• Home
  • Sundance, Judas, Me and Black History

Sundance, Judas, Me and Black History


Being tasked with writing the Black History Month blog is no small feat, but first I have to address the elephant in the room. I am white. I grew up in Atlanta, Georgia in a small predominately white town just outside Atlanta’s city limits. I am proud of who I am, but I am also painfully aware of how little I know about Black History, specifically the Civil Rights Movement.

In celebration of Black History Month, we hosted two screenings of Judas and the Black Messiah and the Beyond Film virtual panel discussion as part of Sundance Film Festival 2021 in partnership with the Atlanta Film Society. By partnering with the Atlanta Film Society and The Plaza Theatre, Sundance brought 12 films to Atlanta.

The Beyond Film conversation gave us an opportunity to highlight excellence within our film community and feature Morehouse faculty. Panelists included Joe Carlos, David Wall Rice,  Kors Vandiver and Avery O Williams.

Growing up in a white household, I was never exposed to leaders like Fred Hampton. As the film played, I was reminded of how much our society is still struggling with questions of race and systemic racism. Last year, I dove into films, articles and books that would further open my eyes to the challenges faced by the Black community. But after the screening, I knew I had to continue to explore the history of the Civil Rights Movement and the Black Panther Party.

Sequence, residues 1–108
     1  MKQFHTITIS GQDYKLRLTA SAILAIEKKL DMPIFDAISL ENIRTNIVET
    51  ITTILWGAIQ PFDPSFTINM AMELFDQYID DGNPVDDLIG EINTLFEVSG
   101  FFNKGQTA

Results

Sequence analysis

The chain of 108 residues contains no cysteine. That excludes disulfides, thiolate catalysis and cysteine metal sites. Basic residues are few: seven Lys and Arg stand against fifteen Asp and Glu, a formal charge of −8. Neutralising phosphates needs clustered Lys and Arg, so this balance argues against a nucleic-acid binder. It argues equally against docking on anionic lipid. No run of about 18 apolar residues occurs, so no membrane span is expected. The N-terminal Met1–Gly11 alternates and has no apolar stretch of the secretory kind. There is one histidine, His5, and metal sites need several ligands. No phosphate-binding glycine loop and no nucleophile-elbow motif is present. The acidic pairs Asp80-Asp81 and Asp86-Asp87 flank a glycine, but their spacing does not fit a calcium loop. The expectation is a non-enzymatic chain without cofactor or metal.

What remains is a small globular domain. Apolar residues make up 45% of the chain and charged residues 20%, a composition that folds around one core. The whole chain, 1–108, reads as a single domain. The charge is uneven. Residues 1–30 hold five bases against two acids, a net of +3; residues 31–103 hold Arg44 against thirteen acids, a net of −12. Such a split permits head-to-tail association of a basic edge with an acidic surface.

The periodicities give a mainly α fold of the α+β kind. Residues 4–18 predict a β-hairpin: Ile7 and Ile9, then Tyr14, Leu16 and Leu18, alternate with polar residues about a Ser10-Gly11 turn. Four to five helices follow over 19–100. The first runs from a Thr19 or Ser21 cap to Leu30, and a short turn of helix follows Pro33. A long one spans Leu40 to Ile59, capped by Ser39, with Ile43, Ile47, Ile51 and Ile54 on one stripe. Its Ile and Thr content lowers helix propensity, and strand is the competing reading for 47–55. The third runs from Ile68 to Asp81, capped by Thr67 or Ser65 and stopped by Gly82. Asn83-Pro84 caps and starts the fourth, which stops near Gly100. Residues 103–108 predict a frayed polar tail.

During a recent visit to the National Center for Civil and Human Rights I learned about Bayard Rustin. Rustin was an American leader in social movements for civil rights, socialism, nonviolence, and gay rights. He organized and led a number of protests in the 1940s, 1950s, and 1960s, including the 1963 March on Washington for Jobs and Freedom. How could I have gone my entire event management career and not be exposed to the accomplishments of this man? His events had purpose and clear goals of inclusivity, while the main focus was on social justice and human rights issues.

As I become a stronger ally, it’s important that I am deliberate in seeking out films, books and experiences that accurately depict Black history. I am forever grateful for filmmakers who create thought provoking films like Judas and the Black Messiah that serve to educate and enlighten all of us.  As we plan future festival events, we’ll continue to highlight such films, not just during Black History Month, but year-round.

Five Films to Watch This Month